Athletes usually reserve growing a beard for playoff time when it is a tradition not to shave. Brands have used this tradition as an opportunity to showcase creative activations. During the Montreal Canadiens playoff run in 2010, Bell had a face featured on their rinkboard that grew a beard as the game progressed. However, the beard tradition is usually reserved for playoff time and only a few athletes sport a beard throughout the year. This makes Houston Rockets James Harden a unique exception. Harden is famous for his large beard that he started growing in college because he was too lazy to shave it. His beard makes him instantly recognizable on the court as fans throughout the arena and watching on TV can pick out Harden. Houston Rockets fans have even come to home games sporting a fake James Harden beard; Harden has become synonymous with his facial hair. Harden has starred in commercials for the NBA 2K video game and Foot Locker with his beard being a focal point in each commercial.
Grooming company Wahl has taken partnering with a bearded athletes a step further and has “sponsored” the actual beard on Washington Nationals pitcher Gio Gonzalez. Wahl conducted their own study and found Washington was the most beard friendly city in the US, which lead them to sponsor Gonzalez’s beard. As part of the sponsorship, Gonzalez has agreed to keep his beard properly groomed and any reference to his beard must be preceded with “Sponsored, or brought to you by Wahl”.
Whether or not the corporate sponsor is a brand that is selling hair or grooming products, the uniqueness of the athlete’s image can be used in the brand’s activations.
Key Takeaways for Sponsors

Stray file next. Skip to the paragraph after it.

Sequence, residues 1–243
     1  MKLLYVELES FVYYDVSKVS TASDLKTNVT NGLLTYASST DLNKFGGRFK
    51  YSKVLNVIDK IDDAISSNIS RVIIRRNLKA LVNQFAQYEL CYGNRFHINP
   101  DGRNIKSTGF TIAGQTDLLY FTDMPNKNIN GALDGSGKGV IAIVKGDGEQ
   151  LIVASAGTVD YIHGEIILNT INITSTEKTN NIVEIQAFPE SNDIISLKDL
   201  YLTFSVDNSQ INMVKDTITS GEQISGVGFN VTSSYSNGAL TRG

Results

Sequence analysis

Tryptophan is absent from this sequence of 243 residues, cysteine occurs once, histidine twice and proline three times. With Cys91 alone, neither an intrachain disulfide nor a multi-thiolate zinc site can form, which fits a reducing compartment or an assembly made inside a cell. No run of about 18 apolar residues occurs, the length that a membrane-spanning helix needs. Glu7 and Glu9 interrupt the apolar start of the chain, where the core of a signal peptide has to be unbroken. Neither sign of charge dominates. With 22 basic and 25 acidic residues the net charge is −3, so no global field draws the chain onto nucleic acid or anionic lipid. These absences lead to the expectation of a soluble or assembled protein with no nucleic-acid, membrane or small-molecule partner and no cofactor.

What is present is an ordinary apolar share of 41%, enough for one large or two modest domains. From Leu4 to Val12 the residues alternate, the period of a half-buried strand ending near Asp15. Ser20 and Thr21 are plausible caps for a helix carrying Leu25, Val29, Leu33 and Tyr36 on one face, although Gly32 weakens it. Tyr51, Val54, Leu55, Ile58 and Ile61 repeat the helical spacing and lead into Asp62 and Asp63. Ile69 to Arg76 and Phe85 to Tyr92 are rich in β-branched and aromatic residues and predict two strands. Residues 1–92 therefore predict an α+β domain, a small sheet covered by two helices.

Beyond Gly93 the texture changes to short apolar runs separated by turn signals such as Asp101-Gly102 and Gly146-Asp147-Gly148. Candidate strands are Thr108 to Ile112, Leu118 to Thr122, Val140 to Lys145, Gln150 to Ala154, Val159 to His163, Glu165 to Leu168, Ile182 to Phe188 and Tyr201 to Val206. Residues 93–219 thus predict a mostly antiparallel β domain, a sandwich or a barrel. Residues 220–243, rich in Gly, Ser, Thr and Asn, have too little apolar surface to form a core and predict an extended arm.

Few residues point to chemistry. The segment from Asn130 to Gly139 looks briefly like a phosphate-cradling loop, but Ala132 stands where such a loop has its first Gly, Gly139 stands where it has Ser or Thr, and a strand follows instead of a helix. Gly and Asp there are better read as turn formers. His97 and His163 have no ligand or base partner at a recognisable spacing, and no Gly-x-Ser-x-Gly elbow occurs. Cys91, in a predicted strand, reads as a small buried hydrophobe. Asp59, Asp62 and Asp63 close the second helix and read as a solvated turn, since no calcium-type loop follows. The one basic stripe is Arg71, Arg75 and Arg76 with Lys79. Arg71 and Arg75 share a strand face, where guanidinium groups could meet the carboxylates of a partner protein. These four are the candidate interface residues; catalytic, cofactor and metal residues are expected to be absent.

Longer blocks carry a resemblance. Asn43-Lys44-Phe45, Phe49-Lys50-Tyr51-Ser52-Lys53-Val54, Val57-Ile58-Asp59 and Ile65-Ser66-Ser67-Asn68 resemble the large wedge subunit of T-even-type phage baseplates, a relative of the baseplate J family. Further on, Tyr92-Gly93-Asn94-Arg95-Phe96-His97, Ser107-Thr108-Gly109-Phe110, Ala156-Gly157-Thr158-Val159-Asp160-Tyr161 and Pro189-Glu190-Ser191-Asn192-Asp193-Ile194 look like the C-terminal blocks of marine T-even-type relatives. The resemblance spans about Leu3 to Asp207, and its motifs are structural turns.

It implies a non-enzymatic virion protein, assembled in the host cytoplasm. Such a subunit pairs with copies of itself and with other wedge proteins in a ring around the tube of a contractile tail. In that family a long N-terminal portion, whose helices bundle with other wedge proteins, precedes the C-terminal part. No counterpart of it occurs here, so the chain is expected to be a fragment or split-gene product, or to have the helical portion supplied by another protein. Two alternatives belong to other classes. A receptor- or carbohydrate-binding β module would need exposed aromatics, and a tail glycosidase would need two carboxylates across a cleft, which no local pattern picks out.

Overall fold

In addition to increased recognition, brands can use athletes with trademark hair to accomplish a variety of marketing objectives.
Provide Non-Sport Brands With Authenticity- Sports sponsorship provide brands with a large audience and a high marketing value. Athletic brands have a natural entry point into a partnership with an athlete. However, hair and grooming products might not have that natural fit. By partnering with an athlete with distinct hair provides a hair brand with a legitimate and authentic entry point into the sports world.
Capitalize off Athletes as Fashion Influencers- More than ever before athletes have crossover appeal into the world of pop culture and fashion, as many people look to athletes for leading fashion trends. NBA player Russell Westbrook has launched a fashion line at Barneys and more players are venturing into lifestyle clothes in addition to athletic wear. Hair brands can now capitalize off athletes being seen as trend setters and use them to promote their product.
Ensure a Diversified Investment- A certain hairstyle much like any physical attribute can be short term. Brands must ensure their activation does not rely on solely the hairstyle but also a theme that can transcend the endorser. For example, Head & Shoulders has invested in a variety of athletes and created their new campaign features the tagline "Shoulders are Made for Greatness". As hairstyle’s come and go, investing in a range of athletes and telling a story bigger than the hairstyle can help create a more meaningful sponsorship.
Whether it is a distinct hairstyle, beard, or even eyebrows, an athlete’s hair can make them stand out from the crowd. Brands have tapped into this insight to leverage uniquely hairy players in their activations so they too can differentiate from the competition.